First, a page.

Sometimes it just takes a smile to brighten the holidays. L. Vern Farnum Director of Spiritual Care & Chaplaincy for IU Health talks about the importance of caring for others this time of year.
By IU Health Senior Journalist T.J. Banes, email@example.com
One family unloads a car filled with toys at IU Health Riley Hospital for Children. Their son once spent Christmas in the hospital. Across campus, in the bone marrow unit of University Hospital, giant stockings are hung and miniature pink Christmas trees are displayed. And at Methodist Hospital, a little elf is busy hanging bright lights in a waiting area.
“I know what it’s like to be in the hospital during the holidays. It’s good to help others by spreading a little cheer,” said Terri Miller, an Ohio resident who received two kidney transplants at IU Health University Hospital – first in November of 2001 and then in November 2017. She recently returned to the hospital to pass out candy canes and stockings to patients and her caregivers – including nurse Christine Gibson, nurse practitioner Lee Ann Jones, nephrologist Dr. Dennis Mishler, and transplant surgeon Dr. William Goggins.
“A smile or a small gift can go a long way during what can be a dark time,” said a mom of a Riley patient, who recently delivered toys to the hospital.
Passersby had broad smiles as Case Manager Theresa Osmulski, Rachel Alvey, and Melissa Mahoney with IU School of Medicine laughed about Alvey’s festive reindeer ears. The grins were what they hoped for.
The focus of the holidays is about helping patients, caregivers, and loved ones, find ways to celebrate the season – given the reality of the reason they are in the hospital, said L. Vern Farnum, director of spiritual care and chaplaincy. “We encourage patients to find something that gives them peace, joy and a sense of meaning. Often that means celebrating the love of family,” said Farnum. With the help of technology, patients who travel from distant states and even other countries are able to connect with their loved ones.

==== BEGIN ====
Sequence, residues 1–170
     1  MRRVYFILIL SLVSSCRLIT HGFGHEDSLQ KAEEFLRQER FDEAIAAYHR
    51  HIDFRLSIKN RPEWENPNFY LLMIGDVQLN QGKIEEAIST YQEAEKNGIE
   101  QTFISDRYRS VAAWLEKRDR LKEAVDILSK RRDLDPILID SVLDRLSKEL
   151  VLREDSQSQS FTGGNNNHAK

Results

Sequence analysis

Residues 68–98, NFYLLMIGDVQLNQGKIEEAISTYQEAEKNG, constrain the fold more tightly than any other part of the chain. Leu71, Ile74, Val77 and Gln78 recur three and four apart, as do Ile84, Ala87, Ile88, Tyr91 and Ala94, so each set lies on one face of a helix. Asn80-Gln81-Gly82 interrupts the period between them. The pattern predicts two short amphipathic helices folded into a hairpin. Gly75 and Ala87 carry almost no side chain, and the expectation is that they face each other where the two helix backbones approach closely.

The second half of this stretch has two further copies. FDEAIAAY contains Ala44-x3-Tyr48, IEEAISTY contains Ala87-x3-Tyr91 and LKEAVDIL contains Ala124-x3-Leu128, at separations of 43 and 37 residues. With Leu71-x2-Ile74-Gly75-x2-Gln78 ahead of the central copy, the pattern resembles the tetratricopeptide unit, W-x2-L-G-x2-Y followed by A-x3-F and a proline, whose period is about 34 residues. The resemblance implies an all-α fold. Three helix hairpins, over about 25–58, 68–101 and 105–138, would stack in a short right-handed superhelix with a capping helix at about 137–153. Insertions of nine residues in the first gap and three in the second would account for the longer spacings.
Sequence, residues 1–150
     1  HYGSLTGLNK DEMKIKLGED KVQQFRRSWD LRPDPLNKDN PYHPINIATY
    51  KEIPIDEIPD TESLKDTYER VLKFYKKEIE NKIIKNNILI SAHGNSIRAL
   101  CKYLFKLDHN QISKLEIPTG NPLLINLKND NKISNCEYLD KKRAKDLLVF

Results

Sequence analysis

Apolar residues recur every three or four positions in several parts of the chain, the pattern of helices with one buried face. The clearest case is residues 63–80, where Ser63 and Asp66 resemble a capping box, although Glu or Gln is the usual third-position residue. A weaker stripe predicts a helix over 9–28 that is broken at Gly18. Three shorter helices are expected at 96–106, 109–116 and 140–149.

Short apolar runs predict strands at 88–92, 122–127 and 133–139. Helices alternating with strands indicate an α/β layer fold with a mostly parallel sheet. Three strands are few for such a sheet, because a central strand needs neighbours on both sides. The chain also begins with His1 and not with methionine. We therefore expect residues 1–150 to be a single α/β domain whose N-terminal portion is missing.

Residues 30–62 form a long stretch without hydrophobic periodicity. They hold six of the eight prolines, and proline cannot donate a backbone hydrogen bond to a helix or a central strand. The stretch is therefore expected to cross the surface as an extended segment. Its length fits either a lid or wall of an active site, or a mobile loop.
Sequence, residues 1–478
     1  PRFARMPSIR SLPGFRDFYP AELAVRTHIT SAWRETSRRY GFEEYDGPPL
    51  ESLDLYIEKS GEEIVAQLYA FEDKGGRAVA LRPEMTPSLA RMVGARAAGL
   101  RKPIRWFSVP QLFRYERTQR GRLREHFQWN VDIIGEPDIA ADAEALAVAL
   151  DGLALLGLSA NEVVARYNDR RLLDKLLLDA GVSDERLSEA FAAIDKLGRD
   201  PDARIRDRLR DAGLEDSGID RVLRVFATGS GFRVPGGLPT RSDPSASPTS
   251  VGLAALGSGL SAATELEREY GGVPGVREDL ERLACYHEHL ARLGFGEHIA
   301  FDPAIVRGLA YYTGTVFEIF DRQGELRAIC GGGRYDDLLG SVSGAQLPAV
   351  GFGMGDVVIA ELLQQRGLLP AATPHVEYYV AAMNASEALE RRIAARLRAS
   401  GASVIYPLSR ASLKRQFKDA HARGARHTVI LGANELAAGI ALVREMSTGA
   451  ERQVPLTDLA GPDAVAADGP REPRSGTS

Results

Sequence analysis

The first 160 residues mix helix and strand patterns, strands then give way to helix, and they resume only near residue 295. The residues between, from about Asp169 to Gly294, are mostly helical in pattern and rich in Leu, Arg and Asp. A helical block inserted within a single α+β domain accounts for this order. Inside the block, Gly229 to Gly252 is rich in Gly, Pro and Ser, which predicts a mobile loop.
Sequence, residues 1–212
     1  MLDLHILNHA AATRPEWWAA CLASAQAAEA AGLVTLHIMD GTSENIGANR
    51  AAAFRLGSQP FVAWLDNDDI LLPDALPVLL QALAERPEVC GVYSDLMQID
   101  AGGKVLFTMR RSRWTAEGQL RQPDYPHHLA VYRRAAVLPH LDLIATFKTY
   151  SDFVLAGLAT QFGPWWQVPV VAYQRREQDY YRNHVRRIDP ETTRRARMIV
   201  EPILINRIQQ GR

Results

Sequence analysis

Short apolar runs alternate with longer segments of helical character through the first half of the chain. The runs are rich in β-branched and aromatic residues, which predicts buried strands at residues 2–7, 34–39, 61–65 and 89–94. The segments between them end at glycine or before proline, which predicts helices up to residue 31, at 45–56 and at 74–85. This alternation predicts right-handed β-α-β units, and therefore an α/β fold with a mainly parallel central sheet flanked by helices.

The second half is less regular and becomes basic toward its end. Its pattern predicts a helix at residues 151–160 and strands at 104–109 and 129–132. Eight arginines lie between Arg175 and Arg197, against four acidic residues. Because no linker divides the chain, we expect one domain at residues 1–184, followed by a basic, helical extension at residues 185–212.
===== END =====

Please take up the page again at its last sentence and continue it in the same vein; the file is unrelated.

“We had one patient who contracted a mysterious illness and ended up in the hospital on Christmas day. All he wanted to do was see his black lab. We allowed the family to bring the dog in and it was awesome seeing the patient’s face light up,” said Farnum, who typically works on Christmas Day. “It’s rare to hear nurses grumble when they work the holidays. They see this as their calling. Patients are sick and they’re here to care for them. More often than not, I see them bring in special treats to share.”
There are other touches too that help lift spirits – ornaments hanging from IV poles, framed photos in patients’ rooms and mini trees, menorahs and kinaras.
“It’s a time when almost all faiths have celebrations that involve light. Each tradition happens in its own way but we encourage that symbolism to be shared,” said Farnum. For safety purposes electric or battery candles replace actual flames. “And there’s always an abundance of food. In some ways it becomes a time of fellowship for families and caregivers,” said Farnum.
As the chaplain team began planning and preparing for the holidays, one offered the following insight: “We need to realize that while this is Hallmark movie season, we should not buy into the Hallmark fantasy. Sometimes it’s a sad and imperfect time and we’re here to help patients and families get through that in the best possible way we can.”